Tree of the moment: Melia azedarach

When we moved in to our home 26 years ago there was a Melia tree in the back corner but the poor old thing was past its use-by date so not too much later we had it removed. I’ve been enjoying getting to re-know it, in the gardens of others, in the past few weeks, my attention piqued by its spring flowering.

Photo: Sandra Simpson

Known as white cedar in Australia and Chinaberry in the US, Melia azedarach also has several other common names, including umbrella tree, bead tree, Indian lilac and Persian lilac. It is native to parts of Australia (and in other parts is considered a weed), as well as the Middle East, India, China and South East Asia. Drought tolerant, it reaches a height of 6-12m with a wide canopy.

The tree has fragrant flowers in spring, offers shade in summer and is deciduous in winter when the yellow berries (containing seeds) hang on the branches like so many small moons. The berries, I’ve read, are liked by our native word pigeon (kereru) – in this 2005 article, author Russell Fransham says he planted the trees specifically to attract those birds. The hard seeds, toxic when consumed in large amounts, were once commonly used to make rosaries.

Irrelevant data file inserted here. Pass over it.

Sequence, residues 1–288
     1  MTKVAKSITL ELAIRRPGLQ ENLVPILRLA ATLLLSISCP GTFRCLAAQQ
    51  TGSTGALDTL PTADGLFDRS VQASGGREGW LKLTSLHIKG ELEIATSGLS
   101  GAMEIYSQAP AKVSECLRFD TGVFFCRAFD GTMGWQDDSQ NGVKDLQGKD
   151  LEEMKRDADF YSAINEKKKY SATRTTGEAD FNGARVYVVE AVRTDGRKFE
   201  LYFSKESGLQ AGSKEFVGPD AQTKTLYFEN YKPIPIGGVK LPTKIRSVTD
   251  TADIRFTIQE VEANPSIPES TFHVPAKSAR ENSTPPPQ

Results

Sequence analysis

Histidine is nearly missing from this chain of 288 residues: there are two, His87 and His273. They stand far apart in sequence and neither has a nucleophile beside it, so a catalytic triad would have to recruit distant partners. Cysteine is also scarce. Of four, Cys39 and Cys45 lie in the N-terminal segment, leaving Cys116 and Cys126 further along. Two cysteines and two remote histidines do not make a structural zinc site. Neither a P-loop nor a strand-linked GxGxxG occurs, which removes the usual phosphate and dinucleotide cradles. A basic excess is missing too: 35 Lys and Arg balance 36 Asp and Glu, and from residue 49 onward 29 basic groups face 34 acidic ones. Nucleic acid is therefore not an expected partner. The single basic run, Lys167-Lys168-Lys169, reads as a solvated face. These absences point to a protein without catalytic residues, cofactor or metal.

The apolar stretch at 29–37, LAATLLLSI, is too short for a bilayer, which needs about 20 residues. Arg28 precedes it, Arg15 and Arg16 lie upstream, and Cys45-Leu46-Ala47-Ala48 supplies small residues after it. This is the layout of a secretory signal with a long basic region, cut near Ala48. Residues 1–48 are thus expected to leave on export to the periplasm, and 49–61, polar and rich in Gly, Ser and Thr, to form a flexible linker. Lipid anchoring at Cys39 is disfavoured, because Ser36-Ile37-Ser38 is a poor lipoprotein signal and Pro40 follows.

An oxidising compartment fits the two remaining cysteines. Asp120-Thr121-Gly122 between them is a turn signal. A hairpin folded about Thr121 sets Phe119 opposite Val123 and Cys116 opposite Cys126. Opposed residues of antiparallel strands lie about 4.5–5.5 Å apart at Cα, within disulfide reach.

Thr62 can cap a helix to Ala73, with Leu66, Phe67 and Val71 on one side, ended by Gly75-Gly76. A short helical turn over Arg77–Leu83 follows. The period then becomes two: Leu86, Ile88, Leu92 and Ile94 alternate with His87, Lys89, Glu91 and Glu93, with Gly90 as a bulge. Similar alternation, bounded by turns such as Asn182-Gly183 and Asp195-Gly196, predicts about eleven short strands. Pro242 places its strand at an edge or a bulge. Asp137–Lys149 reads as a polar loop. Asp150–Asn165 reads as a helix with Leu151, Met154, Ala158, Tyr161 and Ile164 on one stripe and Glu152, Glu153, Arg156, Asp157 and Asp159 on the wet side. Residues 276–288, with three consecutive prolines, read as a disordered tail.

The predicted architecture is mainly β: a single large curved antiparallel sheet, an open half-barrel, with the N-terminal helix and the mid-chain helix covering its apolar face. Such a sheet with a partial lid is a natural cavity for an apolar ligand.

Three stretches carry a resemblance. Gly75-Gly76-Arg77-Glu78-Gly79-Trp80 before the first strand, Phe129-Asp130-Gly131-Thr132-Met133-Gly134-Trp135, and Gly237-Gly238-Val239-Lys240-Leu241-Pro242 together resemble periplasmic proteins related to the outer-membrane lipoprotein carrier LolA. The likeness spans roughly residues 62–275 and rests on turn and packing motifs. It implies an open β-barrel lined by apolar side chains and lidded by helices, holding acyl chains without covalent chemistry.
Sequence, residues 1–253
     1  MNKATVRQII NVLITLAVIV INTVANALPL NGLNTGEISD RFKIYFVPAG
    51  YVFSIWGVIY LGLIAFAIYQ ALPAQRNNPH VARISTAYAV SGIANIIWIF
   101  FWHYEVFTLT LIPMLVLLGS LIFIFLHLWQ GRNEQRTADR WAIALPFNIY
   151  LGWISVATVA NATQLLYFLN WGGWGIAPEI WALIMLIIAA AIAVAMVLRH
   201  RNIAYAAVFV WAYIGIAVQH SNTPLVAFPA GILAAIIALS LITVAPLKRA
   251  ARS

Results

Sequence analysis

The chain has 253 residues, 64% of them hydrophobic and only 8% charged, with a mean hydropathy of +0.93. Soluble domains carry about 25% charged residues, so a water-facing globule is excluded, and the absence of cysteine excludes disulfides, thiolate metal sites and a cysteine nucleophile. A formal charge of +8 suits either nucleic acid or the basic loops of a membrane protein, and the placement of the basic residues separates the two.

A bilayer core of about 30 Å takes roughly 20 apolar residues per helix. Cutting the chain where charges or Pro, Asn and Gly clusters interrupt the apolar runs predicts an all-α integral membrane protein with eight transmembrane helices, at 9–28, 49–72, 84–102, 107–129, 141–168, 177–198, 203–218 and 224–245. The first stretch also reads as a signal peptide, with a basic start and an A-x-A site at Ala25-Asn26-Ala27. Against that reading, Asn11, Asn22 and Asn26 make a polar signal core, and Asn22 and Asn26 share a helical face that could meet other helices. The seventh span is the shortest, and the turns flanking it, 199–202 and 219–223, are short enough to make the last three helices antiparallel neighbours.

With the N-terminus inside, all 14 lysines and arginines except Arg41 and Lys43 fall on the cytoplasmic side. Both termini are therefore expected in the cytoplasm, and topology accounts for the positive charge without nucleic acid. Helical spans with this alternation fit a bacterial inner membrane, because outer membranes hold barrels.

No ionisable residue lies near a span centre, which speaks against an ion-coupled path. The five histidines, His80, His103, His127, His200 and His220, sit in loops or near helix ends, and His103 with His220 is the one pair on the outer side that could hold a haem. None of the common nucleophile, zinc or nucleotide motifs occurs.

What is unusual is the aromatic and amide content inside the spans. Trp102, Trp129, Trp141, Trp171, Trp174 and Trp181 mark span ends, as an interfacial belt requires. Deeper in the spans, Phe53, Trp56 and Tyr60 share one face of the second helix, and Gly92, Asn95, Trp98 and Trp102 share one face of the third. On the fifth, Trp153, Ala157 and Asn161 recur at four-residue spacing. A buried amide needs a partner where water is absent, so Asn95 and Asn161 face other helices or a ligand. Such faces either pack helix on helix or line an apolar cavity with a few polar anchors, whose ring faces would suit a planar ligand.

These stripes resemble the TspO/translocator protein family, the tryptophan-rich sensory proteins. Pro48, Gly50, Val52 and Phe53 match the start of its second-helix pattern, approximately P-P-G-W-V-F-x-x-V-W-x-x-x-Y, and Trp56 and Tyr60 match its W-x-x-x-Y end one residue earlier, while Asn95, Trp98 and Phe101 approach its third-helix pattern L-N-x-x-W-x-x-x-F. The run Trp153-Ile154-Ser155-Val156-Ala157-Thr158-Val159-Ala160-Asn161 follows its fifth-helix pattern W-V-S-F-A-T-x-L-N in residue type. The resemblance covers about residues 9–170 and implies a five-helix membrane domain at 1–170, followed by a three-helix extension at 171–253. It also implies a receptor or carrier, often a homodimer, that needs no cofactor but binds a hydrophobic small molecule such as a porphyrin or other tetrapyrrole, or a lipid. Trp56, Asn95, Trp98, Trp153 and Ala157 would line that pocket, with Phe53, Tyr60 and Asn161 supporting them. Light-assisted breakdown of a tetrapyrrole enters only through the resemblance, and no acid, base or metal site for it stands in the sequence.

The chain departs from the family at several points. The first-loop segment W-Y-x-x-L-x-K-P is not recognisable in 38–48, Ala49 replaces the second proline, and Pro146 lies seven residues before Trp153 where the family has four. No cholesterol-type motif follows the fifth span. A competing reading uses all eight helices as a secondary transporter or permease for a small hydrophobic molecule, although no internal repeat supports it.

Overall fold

A Melia tree covered in seeds in the Imperial Palace Garden, Kyoto, Japan. Photo: Sandra Simpson

Melia azedarach is a member of the mahogany family although its timber isn’t considered particularly valuable.

Read more about the tree here.

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2 thoughts on “Tree of the moment: Melia azedarach

  1. How lucky you are in NZ not to have the ghastly processionary caterpillars of the white cedar moth that swarm in such large numbers that the tree can be completely defoliated in a few days. It happens mostly in autumn but there are sometimes spring hatchings as well. And when they come down out of the tree during the day they look for shelter – and the swarm can end up in your garden shed, or even the house!

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